Before you arrive for your scheduled interview for a new project manager position, it makes sense to do whatever you can to prepare for the interview. One way to do this is to think about what project manager interview questions might arise during the interview. In this guide, we’ve compiled the most common IT project manager interview questions, technical project manager interview questions, and senior project manager interview questions.
Another obvious way to prepare for a project manager interview is to ensure you have the right skills for the job. You can gain these in a high-quality online project management course.
Project Manager Interview Questions and Answers
Most interviewers will ask about your current experience and why you’re interested in the job. However, to truly prepare, you must be well-versed in answering more in-depth questions for the role. Here are some of the top project manager interview questions hiring managers ask:
Can You Tell Me About the Last Project You Worked On?
Asking about previous projects you worked on is a common question because it gives hiring managers direct evidence of your skills and experience. In most cases, they want to find someone who worked on identical or similar projects to what the company usually works on.
When answering this question, there are a few things to remember. First, make sure you only discuss projects you are allowed to discuss. If confidentiality agreements or secret clearances cover your projects, review them beforehand to know what you can discuss.
Secondly, discuss how you contributed to the project while providing quantifiable and qualifiable details. You want to describe what you did and its positive impact on the project. Providing numbers or qualifying details helps hiring managers put it into perspective.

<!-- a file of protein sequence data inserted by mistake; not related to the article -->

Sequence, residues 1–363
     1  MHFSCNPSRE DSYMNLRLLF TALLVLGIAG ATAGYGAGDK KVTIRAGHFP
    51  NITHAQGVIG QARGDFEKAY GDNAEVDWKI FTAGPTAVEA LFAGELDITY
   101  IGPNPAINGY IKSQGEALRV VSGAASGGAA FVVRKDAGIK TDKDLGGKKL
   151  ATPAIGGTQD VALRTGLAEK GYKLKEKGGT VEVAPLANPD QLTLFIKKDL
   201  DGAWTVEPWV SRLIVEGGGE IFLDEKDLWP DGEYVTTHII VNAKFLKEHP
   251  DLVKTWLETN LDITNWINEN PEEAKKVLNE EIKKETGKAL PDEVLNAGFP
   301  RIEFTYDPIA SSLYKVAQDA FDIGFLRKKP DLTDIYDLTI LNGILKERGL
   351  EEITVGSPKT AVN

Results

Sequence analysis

Thirdly, make sure only to provide details that the employer can verify. It is not uncommon for employers to check with your previous employers about specific project contributions.
What Steps Would You Take If Your Project Is Off-Track?
Expect a hiring manager to ask you how to handle project problems. The idea is that they can evaluate your strategies for dealing with issues, which is where most project managers get into trouble.
This is your chance to discuss your methodologies and critical insights into how to fix problems. Everyone’s answers will differ here, so it’s a good chance for you to stand out with detailed answers based on your experience.
What Are the Biggest Mistakes You Have Committed in Your Past Projects?
You should expect a few project management interview questions regarding previous mistakes and incomplete projects. Be careful how you answer these questions. Most people fall into the pattern of focusing too much on the negative impact on the project. Instead, turn that negative into a positive.
Keep the description of the mistake short, preferably just one or two sentences at most. Then, immediately pivot into how you recovered and got things back on track. Also, discuss how you prevented similar problems on projects since then. Changing the narrative to a positive one will minimize the risk of disqualifying yourself from the job.